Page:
Using urethane rubber to make molds for casting concrete has many advantages:
~Reusable ~ Molds can be used over and over again.
~Does not shrink ~ Has good abrasion resistance.
~Comes in a wide range of hardnesses and therefore gives long mold life.
~Can be poured, brushed or sprayed on to the original model.
~Is the most economical overall (compared to other mold rubbers).

General Overview: To be successful in making a urethane rubber mold suitable for making one or more concrete castings, you need to first prepare your model to release the mold rubber (apply a sealer and release agent). Next, mix and apply mold rubber – if brushing or spraying rubber onto mold, applying a support shell will be necessary once the rubber is cured. After rubber is cured, remove from model. Before casting into mold, apply a release agent to facilitate demolding of
cast piece. Mix and cast concrete or other material into mold. Allow concrete to dry and demold.
If you have done everything correctly, you will have an exact copy of your original and can making many castings with your rubber mold.

For details on making molds, refer to Smooth-On’s technical bulletin on making molds available from Smooth-On or a Smooth-On distributor.

Smooth-On also offers "how to" seminars at its facility in Easton, PA. Call (800) 762-0744 for more information.

Molds were made. Repairs were made in plaster castings. Then new molds and the final castings. These are just some of the many architectural restoration projects where Smooth-On  Brush-On Rubbers were used.

Left: Ray Danesh (artist) had his sculpture cast in concrete by Garden Star in Kenosha, WI. Ray uses Smooth-On rubbers for his molds.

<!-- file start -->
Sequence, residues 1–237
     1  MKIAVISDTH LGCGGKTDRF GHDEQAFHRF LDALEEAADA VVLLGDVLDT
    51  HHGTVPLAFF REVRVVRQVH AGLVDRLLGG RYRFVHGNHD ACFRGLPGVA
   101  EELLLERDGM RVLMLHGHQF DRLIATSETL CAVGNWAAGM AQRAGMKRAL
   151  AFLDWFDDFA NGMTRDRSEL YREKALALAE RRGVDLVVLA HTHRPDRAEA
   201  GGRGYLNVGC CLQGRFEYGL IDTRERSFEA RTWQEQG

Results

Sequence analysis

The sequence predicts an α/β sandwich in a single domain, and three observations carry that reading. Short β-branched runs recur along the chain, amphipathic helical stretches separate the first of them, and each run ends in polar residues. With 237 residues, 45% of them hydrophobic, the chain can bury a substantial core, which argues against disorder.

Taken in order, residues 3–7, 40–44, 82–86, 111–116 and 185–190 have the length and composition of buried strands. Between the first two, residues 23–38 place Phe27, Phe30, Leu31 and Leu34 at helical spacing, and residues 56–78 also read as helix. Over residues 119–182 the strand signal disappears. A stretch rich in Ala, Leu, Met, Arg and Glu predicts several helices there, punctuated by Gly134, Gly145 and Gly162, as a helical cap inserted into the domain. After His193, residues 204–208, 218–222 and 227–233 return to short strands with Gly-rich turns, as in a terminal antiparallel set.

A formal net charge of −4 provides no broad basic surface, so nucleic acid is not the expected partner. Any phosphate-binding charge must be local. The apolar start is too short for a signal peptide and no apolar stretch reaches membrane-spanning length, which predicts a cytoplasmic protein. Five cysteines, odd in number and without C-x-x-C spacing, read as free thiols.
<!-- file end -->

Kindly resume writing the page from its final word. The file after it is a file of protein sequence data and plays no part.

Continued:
Before You Begin - Acquire Necessary Materials

A. Select Mold Rubber – Decide if you will be applying rubber by pouring, brushing or spraying
over your model. The most popular rubber mold products used for casting concrete:

Mold Rubber – Pourable:
    •PMC-121/30 (Soft, Flexible) – models with undercuts
     •PMC-860 (Medium Hardness) – models with few undercuts or angles.
     •PMC-780 or 790 (Stiff, little flexibility) – Flat Molds, Concrete Stamps or Liners.

Mold Rubber – Brushable
New Brush-On 40 – Best sag/slump resistance. Best abrasion resistance of any brushable.
                Brush-On 40 is soft & stretchy – It can be used to make "glove molds".
     EZ Mix 50 – Easiest to mix.

Mold Rubber – Sprayable
     •EZ Spray 45.

B. Sealing Agent (SuperSeal)

C. Release Agent (Universal Mold Release)

D. In & Out Water Based Concrete Release Agent – to release casting.

E. Concrete

How To Proceed

Step 1. Seal Your Model Using Smooth-On SUPERSEAL.
If your model is porous (concrete, stone, wood) or made of water/sulfur based clays, it must be sealed. There are
different sealers available such as shellac, paste wax or petroleum jelly thinned with mineral spirits. Smooth-On
SuperSeal is a soap blend that will not interfere with surface detail and can be rinsed off of the model with warm water.
Apply 2 coats of SuperSeal to entire model and surrounding forms (let first coat dry 7 minutes before
applying next coat, letting final coat dry 10 minutes).

Step 2. Apply A Release Agent – Smooth-On Universal Mold Release.
For easiest release, apply Universal Mold Release after SuperSeal is dry. Spray a light mist coating over surface of
model and surrounding forms. Brush over surface and into areas of detail. Follow with another light mist coating
and let dry for 15 minutes before applying rubber.

Step 3. Apply Mold Rubber.